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Pictures of Punzie

Ruskin Degree Show, 2018

Pictures of Punzie was a series of paintings I made in June. In a lot of my work and writing recently I’ve been looking at Rapunzel as a protagonist. I work part time as a children’s entertainer for a princess party company in which I entertain children dressed up as various princesses. Punzie is the nickname we give Rapunzel. While performing as ‘Punzie’ I became interested in how her love for painting amongst many other interests augments to her fetishized naivety and constructs her as the perfect romantic heroine.

I am interested in my practice how various identities, fictional and not, historic and contemporary all become assimilated into the same collective mental archive of archetypes. Disney princess as icons, function almost as modern ‘Madonna’s or muses, in the way that they decorate domestic and often unusual spaces as societies ideal feminine archetype. Rapunzel’s image is repeated in various representational forms from the cartoon to tangible dolls, seat covers, makeup bags and clothing.

‘Pictures of Punzie’ was an opportunity for me to consider the performative aspect of painting. I painted only using domestic cleaning brushes in a way which is clearly gestural. I aimed to clear out as much as my paint from my studios as possible. This is a nod towards the princess ‘cleaning up’ trope and how various forms of labour are disguised as a joyous song and dance or an extension of her femininity, including painting and affective labour. I wanted to parody this in these theatrical pieces. The paintings  vary in size, subject matter and ‘costume’ confusing the historical with the pantomime with the contemporary. I wanted to disrupt and confuse any desire to situate this protagonist in reality.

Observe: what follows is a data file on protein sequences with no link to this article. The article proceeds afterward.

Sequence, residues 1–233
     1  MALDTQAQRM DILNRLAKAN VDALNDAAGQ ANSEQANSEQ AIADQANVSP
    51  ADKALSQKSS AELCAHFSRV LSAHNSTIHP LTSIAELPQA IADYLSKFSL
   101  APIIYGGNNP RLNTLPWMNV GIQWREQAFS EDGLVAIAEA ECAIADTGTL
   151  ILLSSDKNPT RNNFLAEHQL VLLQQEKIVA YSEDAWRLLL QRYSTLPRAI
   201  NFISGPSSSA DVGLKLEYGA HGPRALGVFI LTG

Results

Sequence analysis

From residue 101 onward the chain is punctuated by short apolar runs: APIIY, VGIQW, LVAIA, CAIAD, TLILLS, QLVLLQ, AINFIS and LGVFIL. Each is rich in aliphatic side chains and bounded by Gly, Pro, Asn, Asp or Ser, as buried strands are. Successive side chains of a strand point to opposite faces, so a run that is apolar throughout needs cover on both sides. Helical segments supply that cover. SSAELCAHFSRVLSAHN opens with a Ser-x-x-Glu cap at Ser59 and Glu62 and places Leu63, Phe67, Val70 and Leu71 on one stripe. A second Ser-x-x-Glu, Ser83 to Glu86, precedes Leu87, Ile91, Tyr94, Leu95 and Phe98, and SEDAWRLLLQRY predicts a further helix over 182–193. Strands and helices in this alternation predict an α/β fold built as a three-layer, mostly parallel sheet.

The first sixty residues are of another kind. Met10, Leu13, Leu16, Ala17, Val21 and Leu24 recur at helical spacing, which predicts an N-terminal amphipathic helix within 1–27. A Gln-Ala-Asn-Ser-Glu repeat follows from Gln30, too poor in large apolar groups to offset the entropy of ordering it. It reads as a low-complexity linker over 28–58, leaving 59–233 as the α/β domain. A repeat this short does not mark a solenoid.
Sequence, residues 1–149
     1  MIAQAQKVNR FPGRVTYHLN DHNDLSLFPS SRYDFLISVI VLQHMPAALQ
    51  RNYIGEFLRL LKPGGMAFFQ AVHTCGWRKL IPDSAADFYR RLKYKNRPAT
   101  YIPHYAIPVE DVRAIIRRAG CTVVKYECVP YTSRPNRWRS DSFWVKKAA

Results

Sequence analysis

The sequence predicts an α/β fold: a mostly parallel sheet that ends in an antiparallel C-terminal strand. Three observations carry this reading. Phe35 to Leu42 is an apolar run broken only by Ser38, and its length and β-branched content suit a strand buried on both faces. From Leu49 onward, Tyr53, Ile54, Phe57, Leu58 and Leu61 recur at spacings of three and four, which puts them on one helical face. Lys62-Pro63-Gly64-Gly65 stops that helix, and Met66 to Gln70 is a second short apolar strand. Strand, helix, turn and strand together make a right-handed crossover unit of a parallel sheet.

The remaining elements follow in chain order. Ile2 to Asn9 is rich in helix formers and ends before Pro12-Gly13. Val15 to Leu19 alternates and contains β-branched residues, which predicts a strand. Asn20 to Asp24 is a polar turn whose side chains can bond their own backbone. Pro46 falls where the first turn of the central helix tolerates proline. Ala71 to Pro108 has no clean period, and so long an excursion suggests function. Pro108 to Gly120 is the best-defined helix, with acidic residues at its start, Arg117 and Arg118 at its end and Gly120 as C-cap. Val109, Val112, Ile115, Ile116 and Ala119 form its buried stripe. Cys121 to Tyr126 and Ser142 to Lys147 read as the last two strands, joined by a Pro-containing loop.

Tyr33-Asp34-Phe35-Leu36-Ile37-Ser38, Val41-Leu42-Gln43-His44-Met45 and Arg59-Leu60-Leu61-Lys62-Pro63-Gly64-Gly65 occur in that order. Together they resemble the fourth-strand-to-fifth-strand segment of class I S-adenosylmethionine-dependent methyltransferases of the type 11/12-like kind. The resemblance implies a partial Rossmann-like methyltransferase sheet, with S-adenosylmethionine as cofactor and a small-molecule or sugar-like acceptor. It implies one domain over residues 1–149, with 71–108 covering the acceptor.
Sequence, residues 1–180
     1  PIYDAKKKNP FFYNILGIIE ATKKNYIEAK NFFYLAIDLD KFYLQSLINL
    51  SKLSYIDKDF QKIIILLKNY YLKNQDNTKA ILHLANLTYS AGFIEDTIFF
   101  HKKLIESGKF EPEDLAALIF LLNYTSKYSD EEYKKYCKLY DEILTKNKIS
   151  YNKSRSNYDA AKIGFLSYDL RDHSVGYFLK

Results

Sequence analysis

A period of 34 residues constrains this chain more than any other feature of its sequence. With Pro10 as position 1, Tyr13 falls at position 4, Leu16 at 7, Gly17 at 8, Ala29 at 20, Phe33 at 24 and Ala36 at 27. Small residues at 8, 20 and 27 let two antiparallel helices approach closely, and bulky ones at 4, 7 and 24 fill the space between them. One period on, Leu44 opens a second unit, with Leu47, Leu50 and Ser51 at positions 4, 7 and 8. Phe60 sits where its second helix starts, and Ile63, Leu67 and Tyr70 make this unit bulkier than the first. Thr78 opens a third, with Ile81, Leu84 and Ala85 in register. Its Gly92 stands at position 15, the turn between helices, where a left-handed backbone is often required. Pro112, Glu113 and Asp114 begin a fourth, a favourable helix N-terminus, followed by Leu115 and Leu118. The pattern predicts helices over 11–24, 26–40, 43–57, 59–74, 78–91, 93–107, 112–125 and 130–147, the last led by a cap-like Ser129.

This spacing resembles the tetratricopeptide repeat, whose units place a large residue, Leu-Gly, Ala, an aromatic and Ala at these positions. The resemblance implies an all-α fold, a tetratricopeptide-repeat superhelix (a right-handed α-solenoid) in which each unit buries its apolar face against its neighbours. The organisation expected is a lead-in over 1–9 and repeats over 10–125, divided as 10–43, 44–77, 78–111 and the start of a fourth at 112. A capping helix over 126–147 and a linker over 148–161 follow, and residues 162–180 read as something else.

This series of portraits aimed to disrupt the conventional imaginative creation of a singular protagonist. They were titled No 1 – 5 and appear, other than their shared name to be of different feminine characters. They are however clearly made in the same process and share a sort of collective personality.

The paintings collectively aimed to confidently, humorously and boisterously address the viewer, their space on the canvas, the medium, each other and the rooms architectural features such as a window which holds potential to host a ‘real’ Punzie.  

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